Côte D’Ivoire gained its independence from France in 1960. Through 1993, Félix Houphouët-Boigny ruled the country, after which a coup by Robert Guei, popular protest to install Laurent Gbagbo, and two civil wars (with one ongoing today) have deeply shaken the presidential republic. A French colony in the early twentieth century, Côte D’Ivoire maintains French as its official language. Meanwhile, its largest ethnic group is Akan, similarly to its neighbor Ghana. Today, about 21 million people live in the nation, including about 300,000 internet users. That 1.4% of the population mainly live in and around the major coastal city of Abijan, the country’s largest, where several major fiber optic submarine cables land. Still, there persists a discernible gap between the Abidjan hub and the agricultural upland regions in terms of access to and adoption of the internet and other ICTs. While use of the internet has risen at a steady pace over the last decade, it remains a future endeavor for many.
However, foreign investment and internal diversification have lessened recently, in part due to political violence, and in part due to corruption and competition in key markets. Côte D’Ivoire’s major export has traditionally been cocoa, of which it is the world’s largest exporter. In the region, only Nigeria surpasses the country for the amount of goods exported.Nevertheless, Ivorians enjoy one of the highest per capita incomes in the region. Their telecommunications infrastructure is also well-developed by African standards, with over four million mobile phone users. The extent to which mobile phone users and internet users overlap is unclear. Though Côte D’Ivoire was among the earliest Sub-Saharan countries to achieve full Internet connectivity, its infrastructure has been maintained by very few entities. There are five ISPs in the country, including the two largest, Afnet and Arobase Telecom, who provide most of the fixed-broadband access available. The effects of limited competition in the marketplace for ISPs and other telecom companies — along with the anticipation of complete liberalization of the voice over IP (VoIP) markets — have been tied closely both to the state’s intimate economic relationship with France (which provides the bulk of foreign direct investment) and to the slow process of political restabilization since 1999’s coup. Cocoa exports to France have been met by French investment in ICT infrastructure. Meanwhile, the advent of national policies and their enforcement has been slow to congeal.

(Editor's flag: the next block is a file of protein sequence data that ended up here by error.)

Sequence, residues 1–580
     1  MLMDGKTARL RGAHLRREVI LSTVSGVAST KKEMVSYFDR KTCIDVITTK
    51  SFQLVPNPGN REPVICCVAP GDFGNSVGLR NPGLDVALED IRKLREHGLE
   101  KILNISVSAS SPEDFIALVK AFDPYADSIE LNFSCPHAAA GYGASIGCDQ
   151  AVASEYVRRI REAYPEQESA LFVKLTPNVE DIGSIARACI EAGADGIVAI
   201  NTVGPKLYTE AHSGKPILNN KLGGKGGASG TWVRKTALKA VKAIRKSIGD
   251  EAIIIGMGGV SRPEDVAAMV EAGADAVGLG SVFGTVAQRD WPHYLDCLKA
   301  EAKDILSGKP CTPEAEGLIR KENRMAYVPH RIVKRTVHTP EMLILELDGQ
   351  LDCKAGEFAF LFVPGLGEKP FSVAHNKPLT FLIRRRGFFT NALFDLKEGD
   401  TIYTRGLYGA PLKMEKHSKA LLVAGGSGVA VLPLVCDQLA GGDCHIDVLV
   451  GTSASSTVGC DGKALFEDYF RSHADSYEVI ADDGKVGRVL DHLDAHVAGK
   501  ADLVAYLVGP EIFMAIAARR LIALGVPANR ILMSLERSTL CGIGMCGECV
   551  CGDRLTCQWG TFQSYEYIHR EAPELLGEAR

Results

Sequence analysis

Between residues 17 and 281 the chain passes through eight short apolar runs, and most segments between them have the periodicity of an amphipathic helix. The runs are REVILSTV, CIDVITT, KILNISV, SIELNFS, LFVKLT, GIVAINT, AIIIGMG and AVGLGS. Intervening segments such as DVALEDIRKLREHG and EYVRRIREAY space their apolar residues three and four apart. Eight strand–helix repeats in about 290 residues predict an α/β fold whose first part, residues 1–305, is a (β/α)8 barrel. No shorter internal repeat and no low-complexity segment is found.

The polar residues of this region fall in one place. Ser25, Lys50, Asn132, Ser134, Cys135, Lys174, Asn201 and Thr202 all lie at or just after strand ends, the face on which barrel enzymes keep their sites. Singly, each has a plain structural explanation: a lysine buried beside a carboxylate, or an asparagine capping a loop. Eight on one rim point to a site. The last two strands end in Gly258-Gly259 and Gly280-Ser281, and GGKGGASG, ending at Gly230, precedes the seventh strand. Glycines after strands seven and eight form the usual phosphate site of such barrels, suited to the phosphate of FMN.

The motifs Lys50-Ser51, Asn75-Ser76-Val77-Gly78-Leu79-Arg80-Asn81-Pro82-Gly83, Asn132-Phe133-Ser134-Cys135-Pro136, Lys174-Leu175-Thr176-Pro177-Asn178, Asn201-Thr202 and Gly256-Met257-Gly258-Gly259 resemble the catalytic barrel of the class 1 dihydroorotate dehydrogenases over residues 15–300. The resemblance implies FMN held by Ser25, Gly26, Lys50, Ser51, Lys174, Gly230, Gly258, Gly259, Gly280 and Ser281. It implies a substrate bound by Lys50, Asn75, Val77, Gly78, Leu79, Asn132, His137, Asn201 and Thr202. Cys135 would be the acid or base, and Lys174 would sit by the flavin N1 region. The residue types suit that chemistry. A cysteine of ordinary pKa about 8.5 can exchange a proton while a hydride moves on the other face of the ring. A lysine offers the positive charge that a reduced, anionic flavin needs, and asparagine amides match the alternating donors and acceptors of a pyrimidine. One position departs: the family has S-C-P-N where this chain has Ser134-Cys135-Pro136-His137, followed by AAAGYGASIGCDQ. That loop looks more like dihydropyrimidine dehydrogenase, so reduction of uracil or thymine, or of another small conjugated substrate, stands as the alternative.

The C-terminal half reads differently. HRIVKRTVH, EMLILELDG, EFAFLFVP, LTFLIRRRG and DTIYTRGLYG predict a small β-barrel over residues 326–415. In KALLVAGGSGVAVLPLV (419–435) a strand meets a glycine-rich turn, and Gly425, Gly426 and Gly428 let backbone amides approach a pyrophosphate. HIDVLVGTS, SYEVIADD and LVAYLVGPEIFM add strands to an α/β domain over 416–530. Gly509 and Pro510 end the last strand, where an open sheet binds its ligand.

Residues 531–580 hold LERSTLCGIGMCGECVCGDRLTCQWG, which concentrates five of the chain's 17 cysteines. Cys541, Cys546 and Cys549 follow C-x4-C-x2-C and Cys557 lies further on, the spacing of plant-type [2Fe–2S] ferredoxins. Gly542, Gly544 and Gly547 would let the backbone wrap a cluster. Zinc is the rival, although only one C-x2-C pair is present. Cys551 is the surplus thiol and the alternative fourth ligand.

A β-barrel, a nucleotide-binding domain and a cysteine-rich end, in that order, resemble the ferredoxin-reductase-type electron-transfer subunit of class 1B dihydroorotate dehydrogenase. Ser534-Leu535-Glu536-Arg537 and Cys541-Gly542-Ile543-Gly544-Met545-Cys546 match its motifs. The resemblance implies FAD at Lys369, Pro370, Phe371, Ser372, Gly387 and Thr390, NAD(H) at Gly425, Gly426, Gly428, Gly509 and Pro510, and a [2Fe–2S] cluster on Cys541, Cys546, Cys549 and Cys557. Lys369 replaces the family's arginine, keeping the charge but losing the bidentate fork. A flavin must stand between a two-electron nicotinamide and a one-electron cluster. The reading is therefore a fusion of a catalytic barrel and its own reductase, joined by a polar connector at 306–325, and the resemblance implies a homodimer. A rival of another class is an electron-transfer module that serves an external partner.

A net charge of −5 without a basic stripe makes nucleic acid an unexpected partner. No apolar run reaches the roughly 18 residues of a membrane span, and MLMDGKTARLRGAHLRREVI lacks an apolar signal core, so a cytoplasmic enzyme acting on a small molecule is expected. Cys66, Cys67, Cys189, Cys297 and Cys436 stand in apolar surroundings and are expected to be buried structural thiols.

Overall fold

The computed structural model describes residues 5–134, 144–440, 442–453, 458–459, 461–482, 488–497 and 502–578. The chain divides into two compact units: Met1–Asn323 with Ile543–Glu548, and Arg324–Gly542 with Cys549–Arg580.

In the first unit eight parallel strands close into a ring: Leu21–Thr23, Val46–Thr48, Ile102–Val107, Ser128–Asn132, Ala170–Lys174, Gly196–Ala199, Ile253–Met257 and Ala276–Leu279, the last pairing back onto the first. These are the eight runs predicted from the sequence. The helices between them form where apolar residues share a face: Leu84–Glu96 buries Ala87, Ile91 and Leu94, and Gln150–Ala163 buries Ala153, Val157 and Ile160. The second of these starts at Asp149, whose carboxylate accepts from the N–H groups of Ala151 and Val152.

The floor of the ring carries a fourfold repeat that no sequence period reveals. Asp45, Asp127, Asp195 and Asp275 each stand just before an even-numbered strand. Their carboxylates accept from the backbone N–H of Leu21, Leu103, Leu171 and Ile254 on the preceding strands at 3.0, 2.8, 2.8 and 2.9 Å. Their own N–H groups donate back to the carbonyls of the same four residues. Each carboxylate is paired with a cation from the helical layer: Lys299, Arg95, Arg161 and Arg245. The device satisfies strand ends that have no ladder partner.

Complications in the Ivorian technoscape extend to its smaller-scale institutions. In the absence of cohesive, overarching technology policy, governance in the sector has fallen largely to a mix of international standardization bodies and to local organizations. The international groups, such as the ITU and ISO, implement both open and proprietary standards, while the local groups, which include public and private universities along with business development groups and professional associations, tend to foster practices geared towards the growth of ICT access and use on the ground. For example, cyber-cafes have proliferated in Côte D’Ivoire since 2003, allowing those who can afford the equivalent of fifty cents per hour to get online conveniently. Freedom of speech is taken seriously in national legislation here, though the abiding pragmatic constraints on expression, such as the nebulous degree to which professional standards for journalism other than broadcast radio are enforced, predict that further development of ICTs and their governing institutions will remain slow and difficult through this decade.